Emotions are like your mother-in-law.
They want to control everything. Unfortunately, often they succeed.
Jokes aside, emotions are extremely powerful and can even take a hold over our intellect. That is why we hear people say, “I was just so overcome with fear, sorrow, and anxiety that I couldn’t think straight.”
Rational thinking weighs the facts of situations. It looks at pros and cons and right or wrong and is done by the intellect. Then, whoosh, in comes an emotional storm that shatters our carefully constructed logical arguments—as well as our self-restraint—leaving us feeling out of control and angry with ourselves.
A river can flood its surrounding areas and cause immense damage. But when the same river’s power is harnessed by building a dam, it may nurture fruits, flowers, and fields. It may provide food for hungry stomachs and quench parched and thirsty throats. In exactly the same way, we need to understand how to harness the power of our emotions. That’s what emotional intelligence is about—our ability to identify and understand our own, as well as other’s emotions, and manage them effectively.
Let’s understand this better with an example. Madhu’s colleague, Akhil, didn’t complete his task on time. Since Madhu’s work was dependent on his, she ended up missing the deadline. Madhu decides to give him a piece of her mind and stomps across to his office. Akhil gets agitated with her angry voice and retorts that he had hundred other things to do. Before they realise it, some unpleasant words are exchanged, and Madhu finds herself walking back to her seat in a fretful mood. The stress hormones coursing through her veins make her breathe rapidly. Her forehead is sweating, the fists are tight, her blood pressure is raised, and she wants to smack Akhil hard in the face.
The river of her emotions has unleashed a furious flood, causing a lot of damage—both to herself and to people around her. For the next couple of hours, Madhu will not be able to concentrate on any work. The bad mood may persist even until she reaches home, and she may not be able to spend quality time with her family. Probably the first thought that she will wake up with the next morning will be about the spat she had. She has lost out on the productivity of the previous day, which will continue to some extent today. Also, the conflict will manifest subtly with both of them by avoiding each other or being passive and uncooperative—all of which sums up to delays, stalemates, and eventually a loss in productivity.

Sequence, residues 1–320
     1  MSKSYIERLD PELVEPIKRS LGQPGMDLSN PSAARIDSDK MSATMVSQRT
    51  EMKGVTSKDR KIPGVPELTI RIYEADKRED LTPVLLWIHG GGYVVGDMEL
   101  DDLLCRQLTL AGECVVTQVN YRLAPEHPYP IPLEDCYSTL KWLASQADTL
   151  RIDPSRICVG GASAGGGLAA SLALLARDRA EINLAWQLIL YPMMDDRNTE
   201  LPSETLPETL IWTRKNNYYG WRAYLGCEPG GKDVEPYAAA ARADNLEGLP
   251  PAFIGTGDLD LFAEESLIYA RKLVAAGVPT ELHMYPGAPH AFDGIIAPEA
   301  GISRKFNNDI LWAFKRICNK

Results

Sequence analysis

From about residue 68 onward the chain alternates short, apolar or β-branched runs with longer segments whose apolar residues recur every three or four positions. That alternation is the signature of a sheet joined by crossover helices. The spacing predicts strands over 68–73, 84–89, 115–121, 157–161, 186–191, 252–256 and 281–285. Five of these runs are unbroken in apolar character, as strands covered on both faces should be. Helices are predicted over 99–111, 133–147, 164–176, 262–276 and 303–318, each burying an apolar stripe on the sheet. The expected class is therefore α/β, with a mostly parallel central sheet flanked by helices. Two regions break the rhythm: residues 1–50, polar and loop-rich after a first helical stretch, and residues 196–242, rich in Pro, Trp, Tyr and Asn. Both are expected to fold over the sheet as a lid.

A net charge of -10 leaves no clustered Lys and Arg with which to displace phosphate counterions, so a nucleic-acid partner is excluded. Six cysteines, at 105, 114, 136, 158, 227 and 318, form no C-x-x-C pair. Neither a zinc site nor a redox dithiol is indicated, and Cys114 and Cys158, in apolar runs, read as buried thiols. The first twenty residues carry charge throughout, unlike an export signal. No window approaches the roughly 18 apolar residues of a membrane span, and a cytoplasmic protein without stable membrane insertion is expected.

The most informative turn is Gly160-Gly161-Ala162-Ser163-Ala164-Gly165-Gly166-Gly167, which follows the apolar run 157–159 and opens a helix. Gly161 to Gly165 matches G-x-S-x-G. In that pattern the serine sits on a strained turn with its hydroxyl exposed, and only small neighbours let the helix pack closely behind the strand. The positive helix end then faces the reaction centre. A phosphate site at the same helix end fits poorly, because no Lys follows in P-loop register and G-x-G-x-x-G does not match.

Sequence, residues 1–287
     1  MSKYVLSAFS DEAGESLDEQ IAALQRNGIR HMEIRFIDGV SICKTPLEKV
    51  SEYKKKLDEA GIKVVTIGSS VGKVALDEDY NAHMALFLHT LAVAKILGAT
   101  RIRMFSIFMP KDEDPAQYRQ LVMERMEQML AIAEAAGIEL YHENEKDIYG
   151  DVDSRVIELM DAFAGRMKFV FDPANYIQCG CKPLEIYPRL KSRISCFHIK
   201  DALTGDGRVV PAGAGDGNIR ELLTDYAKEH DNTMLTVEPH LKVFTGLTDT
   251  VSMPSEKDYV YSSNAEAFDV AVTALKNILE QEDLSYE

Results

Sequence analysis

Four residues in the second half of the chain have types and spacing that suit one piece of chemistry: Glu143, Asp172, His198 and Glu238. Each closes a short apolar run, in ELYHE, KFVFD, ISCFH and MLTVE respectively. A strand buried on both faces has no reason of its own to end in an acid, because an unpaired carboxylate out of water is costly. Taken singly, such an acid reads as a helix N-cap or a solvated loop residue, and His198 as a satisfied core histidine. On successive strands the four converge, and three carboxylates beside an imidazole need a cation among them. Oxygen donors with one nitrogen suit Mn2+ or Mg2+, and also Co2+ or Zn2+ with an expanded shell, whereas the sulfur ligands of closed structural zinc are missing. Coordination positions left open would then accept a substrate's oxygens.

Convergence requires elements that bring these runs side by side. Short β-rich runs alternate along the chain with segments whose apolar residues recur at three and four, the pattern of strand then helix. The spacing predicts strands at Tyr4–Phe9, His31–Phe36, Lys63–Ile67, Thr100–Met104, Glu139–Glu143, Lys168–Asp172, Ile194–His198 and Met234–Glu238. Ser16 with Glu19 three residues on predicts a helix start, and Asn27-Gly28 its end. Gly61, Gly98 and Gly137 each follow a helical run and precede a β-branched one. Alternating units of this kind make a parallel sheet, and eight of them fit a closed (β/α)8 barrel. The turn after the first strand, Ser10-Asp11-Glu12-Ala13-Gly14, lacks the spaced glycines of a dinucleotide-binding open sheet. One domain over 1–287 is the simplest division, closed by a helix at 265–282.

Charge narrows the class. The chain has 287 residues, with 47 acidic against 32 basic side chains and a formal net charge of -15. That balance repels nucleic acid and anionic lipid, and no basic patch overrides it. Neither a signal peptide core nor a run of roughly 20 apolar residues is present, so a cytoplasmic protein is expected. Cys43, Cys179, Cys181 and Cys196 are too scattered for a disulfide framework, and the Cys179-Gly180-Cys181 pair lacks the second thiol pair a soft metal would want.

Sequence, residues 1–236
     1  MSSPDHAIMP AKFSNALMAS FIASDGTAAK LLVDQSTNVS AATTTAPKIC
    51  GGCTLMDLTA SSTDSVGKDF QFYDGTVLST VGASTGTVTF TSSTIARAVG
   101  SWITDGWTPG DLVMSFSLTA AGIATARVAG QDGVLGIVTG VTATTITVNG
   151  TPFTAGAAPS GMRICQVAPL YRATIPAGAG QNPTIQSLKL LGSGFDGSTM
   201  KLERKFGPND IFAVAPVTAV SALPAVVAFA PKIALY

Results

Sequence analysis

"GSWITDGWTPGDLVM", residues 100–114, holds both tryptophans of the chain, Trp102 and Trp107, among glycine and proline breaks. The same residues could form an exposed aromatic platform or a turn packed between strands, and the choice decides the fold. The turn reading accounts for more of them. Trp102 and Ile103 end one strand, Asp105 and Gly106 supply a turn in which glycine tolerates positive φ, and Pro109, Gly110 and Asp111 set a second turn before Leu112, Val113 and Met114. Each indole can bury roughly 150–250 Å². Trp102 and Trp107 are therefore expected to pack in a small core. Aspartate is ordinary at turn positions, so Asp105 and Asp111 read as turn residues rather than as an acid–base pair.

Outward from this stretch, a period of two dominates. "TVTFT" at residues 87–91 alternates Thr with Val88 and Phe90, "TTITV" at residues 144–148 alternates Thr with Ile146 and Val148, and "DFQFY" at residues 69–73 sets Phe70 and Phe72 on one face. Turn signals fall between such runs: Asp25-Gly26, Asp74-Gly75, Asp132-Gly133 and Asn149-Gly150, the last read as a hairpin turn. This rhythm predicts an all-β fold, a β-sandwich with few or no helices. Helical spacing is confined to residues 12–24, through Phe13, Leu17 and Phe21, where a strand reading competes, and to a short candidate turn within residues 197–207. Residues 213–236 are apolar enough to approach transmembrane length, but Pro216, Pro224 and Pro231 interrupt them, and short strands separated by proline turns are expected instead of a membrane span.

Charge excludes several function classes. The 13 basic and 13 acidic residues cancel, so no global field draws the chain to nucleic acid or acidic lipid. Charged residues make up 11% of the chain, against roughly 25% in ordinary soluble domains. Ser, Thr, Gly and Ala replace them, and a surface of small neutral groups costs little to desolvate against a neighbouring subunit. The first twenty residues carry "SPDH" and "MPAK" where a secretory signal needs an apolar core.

This is an all too common scenario, which many of us may have experienced at work. Let’s rewind this incident and closely examine the trigger point—that exact moment when “all hell broke loose.” The instant Madhu realised that Akhil hadn’t completed his task, something exploded inside her. This explosion is actually the signal her mind is giving her that the situation is threatening her work, reputation, or credibility. Her body has produced a lot of stress hormones to help her cope with this perceived crisis and triggered an impulse to fight with Akhil. Madhu is hijacked by these hormones and the impulse to fight. This is the moment she has lost control of herself.
Our inability to restrain our impulses leads to such situations. We become almost a prisoner of these impulses.
Now, let us see how Shanti (an emotionally intelligent person) would have dealt differently with Madhu’s situation by using mindfulness.
Shanti is mindful that she is working on a critical project and that her stress levels can easily ride up if she doesn’t watch them closely. She has created a particular ritual, a specific sequence of steps and actions taken, for herself when she is faced with destructive impulses. No matter how strong the impulse, she follows through with the ritual, and it helps her. Mindfulness allows her to be consciously aware of the moment a destructive impulse has birthed inside her.
Here’s Shanti’s ritual to cope with provocation:
The moment Shanti realises that Akhil’s work is delayed, she sees the red monster of provocation dancing all around her—invoking her rage. For a couple of minutes, she can’t see anything other than the red flames of provocation. She knows she has to counsel herself to get her sanity back. Here are the messages she gives herself:
>> Shanti, you’ve dealt with provocation earlier. You know that it reduces in intensity when it is starved of energy and attention.
>> You are angry right now and not in control of your emotions. If you confront Akhil right away, you are likely to say or do something that you will regret.
>> You have to allow some time to pass so that the emotional storm can settle down, and then you will have a better handle on things.
2. Move physically and distract yourself.
Shanti is well aware of the mind-body connection and knows that the stress hormones in her body are pushing her to physical action. The best way to release these trapped hormones is to move. She gets out of her office, walks down a few flights of stairs, and gets out into the fresh air. She consciously spends 10-15 minutes walking around, letting the surroundings distract her senses.
3. Drink water.